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Expired: How to Sell a Home that Didn’t Sell

December 15, 2009

So you attempted to sell your home by owner, or with an agent, it didn’t sell and now you’re feeling frustrated and discouraged and aren’t sure what to do next. Before you put your home back on the market, take a step back and review your situation. Usually when a house doesn’t sell it’s due to one of four things: PRICE, CONDITION, MARKETING, or THE AGENT YOU HIRE TO SELL YOUR HOME. 

1. Price (or is it price range?) rules all In most cases, the reason a property doesn’t sell is the price. The ‘Right Price’ depends on market conditions, competition and the condition of your home. If your home doesn’t compare favorably with others in the price range you’ve set, it will not sell.You’ll get the facts when you see the statistics! To help you establish a realistic selling price for your home, ask your Realtor to provide an up-to-date competitive market analysis to give you: a review of comparable homes recently sold as well as those currently available for sale. Sold homes represent what homes are currently selling for while active listings represent your competition.

Here is the simple truth about pricing a home:

1. You must price it based on the current market.

2. You must effectively market and expose the home.

3. If it is priced right, it will sell. If it is priced to high, it won’t.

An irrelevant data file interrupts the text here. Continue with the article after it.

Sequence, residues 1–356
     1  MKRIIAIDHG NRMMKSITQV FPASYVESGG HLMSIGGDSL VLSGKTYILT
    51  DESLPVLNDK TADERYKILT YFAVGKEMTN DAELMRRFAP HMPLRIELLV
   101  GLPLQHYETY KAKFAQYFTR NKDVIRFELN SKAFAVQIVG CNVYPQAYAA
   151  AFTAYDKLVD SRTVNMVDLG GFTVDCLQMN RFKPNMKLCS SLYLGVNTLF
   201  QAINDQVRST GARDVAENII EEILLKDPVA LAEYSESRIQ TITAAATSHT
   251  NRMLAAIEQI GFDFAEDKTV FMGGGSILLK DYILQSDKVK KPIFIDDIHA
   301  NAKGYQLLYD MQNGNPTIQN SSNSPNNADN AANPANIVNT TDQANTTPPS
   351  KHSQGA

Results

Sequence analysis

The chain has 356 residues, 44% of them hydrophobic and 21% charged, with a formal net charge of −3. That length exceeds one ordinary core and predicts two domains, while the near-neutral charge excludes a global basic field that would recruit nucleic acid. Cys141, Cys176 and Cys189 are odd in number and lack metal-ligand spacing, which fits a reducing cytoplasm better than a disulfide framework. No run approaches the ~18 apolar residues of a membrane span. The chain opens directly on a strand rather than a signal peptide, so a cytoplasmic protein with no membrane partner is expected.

All else is commentary. The simple fact is the market is always right! If you attempt to argue with the market, the market will always win! If a home has been on the market, and it has been effectively marketed but has not sold, it is overpriced.

Pricing Luxury Homes – In today’s luxury real estate market, you can be priced perfectly, but if you’re in the wrong price range your property won’t sell. In other words, your property can be in perfect condition and in perfect alignment with the comparable sales and it can still sit on the market for months. The reason? The credit crunch.

The first-time-buyer market has been flourishing, largely due to the first-time-buyer tax credit of $8,000. Homes that require financing over and above the “conforming loan limits,” however, are languishing on the market. A conforming loan meets the guidelines to be purchased and securitized by either the Federal National Mortgage Association (Fannie Mae) or the Federal Home Loan Mortgage Corp. (Freddie Mac).

Conforming loan guidelines include a maximum loan amount determined by geographical region as well as the requirements to meet certain down payment, credit and debt-to-income requirements.

If your property is too expensive to fit into the conforming loan category and you have a considerable amount of equity in your home, some sellers have been able to sell by carrying some, or all of the buyer’s financing. In fact, 35 percent of the properties in the U.S. are free and clear.

In most areas, the maximum amount that you can obtain for a conforming loan is $417,000. In certain expensive areas, the maximum loan amount that a borrower can obtain is $729,750 (through the end of 2010, unless these upper limits are extended).